Since the RFID cannot receive transmissions, it needs to be able to collect data in a way that always makes data available. The sensor node, each shoe in this case, collects data and stores it in a circular list that overwrites the oldest data entry. The use of timestamps enables the data collection device to determine what data has been added since the last the time the device was read. However, if the time between data collections is too long, data may be lost. This may not be an issue for systems in which data becomes too old to be useful anyway. Alternatively, the sensor node can employ techniques that compress data to enable longer periods of time between reads. For example, rather than record the temperature every second (60 samples per minute), only the highest and lowest temperature during the past minute are stored (2 samples per minute), resulting in a reading frequency 30 times longer.

With RFID technology, a device does not need to scan, transmit, or receive, thereby eliminating the major power factors of an RF subsystem. As RF is a primary source of battery drain, this approach can extend the operating life of a battery-based system significantly. Finally, RFID technology deployment in the past was limited by the ability of applications to absorb the high cost of an RFID reader. However, as reader technology continues to enter mainstream applications — for example, the new Google Nexus S cell phone has an embedded RFID reader — the volumes are increasing and leading to lower cost.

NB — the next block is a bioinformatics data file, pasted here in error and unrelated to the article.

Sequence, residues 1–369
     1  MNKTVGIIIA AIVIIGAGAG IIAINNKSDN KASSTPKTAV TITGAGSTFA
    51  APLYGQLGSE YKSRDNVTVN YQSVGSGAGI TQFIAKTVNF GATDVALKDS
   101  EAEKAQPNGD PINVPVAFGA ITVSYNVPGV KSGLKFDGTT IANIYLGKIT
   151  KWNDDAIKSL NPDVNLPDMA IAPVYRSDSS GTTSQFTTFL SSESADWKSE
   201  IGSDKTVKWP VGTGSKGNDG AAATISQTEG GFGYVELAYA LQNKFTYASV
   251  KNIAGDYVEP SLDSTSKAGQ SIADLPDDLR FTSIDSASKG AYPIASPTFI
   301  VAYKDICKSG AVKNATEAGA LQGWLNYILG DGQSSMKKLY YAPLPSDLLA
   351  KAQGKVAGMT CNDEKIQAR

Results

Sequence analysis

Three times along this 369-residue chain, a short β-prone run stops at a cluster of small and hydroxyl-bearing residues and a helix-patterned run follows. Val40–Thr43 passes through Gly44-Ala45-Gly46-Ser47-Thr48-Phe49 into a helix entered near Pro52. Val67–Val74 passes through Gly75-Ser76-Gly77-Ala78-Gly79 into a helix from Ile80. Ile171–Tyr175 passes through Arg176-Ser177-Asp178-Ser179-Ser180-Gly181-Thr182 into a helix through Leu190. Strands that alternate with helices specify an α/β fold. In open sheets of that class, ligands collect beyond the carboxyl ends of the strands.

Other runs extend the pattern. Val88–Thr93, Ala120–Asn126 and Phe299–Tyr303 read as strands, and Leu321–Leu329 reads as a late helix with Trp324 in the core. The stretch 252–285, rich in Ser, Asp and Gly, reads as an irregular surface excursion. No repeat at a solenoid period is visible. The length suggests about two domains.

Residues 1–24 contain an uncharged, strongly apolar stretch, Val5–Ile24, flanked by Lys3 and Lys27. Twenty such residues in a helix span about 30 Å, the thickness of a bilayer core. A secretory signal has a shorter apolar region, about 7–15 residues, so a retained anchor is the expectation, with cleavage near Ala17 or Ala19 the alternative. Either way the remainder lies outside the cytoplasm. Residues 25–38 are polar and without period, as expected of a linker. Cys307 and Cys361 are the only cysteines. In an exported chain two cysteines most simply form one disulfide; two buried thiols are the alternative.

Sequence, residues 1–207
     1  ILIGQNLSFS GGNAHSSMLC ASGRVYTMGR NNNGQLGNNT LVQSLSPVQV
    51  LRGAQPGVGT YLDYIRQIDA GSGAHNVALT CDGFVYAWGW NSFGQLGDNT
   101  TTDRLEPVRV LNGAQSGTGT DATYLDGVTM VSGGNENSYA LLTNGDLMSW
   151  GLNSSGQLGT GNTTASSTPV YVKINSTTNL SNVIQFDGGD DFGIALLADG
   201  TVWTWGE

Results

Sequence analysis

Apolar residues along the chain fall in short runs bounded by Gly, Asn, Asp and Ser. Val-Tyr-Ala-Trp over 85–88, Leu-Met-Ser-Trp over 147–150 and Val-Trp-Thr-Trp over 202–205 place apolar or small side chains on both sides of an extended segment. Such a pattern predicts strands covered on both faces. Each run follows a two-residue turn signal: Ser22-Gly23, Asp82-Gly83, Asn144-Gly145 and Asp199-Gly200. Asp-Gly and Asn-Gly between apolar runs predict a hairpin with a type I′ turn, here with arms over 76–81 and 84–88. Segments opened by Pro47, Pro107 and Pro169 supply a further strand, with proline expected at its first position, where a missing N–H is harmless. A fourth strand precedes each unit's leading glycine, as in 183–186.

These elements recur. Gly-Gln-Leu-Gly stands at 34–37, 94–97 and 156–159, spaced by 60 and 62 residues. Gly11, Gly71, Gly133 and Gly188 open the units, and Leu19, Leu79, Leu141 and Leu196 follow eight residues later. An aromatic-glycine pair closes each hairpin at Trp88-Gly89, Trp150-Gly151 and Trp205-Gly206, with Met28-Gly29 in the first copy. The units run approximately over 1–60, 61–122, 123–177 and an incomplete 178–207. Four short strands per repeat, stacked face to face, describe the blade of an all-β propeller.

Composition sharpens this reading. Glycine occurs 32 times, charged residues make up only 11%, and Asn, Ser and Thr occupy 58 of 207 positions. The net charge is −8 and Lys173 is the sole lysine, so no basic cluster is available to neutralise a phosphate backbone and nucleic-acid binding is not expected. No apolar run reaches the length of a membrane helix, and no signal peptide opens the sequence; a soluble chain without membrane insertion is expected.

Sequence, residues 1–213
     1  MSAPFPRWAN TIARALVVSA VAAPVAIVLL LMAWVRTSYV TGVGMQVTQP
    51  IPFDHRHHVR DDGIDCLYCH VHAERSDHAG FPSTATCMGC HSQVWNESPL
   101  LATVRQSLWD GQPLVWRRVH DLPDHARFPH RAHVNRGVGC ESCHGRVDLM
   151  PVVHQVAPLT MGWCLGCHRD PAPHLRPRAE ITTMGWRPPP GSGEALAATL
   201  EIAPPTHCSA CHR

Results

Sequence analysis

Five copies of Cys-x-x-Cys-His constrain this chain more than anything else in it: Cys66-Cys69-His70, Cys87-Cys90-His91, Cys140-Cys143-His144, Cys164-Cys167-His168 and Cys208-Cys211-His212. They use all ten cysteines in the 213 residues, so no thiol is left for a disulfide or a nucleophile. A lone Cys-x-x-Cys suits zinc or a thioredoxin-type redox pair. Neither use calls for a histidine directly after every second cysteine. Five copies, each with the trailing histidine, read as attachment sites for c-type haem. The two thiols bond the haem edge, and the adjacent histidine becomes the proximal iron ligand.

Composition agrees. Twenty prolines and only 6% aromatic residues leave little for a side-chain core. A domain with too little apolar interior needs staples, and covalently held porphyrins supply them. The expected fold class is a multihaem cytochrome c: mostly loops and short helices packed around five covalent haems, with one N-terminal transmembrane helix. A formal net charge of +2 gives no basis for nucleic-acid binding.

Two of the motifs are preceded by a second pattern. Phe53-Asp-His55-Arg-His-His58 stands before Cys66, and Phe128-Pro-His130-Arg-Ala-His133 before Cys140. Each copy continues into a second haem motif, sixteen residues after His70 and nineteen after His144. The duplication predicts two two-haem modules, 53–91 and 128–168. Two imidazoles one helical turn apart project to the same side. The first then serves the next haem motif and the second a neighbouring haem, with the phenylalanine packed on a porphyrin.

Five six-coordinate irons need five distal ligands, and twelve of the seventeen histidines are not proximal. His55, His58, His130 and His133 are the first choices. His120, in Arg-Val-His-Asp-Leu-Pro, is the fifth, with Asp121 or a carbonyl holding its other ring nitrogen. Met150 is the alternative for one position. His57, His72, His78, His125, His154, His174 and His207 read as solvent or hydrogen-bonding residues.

With the availability of modules and SoCs, RF has become a component like any other that can be added to a system. The actual RF signal chain can be transparent to developers, making the most difficult design decision how to size the power consumption and data rate of the RF subsystem to the actual use cases of an application. Introducing RF to a system is not yet quite as simple as adding an antenna and reading data off a SPI port. Developers still need to understand the limitations of the particular implementation they choose. They also have to know enough about how to implement the RF link to manage power consumption. However, with the tremendous number of SoC and modular choices, as well as the availability of alternative technologies like RFID, RF capabilities can be added in a cost-effective manner to nearly every type of system.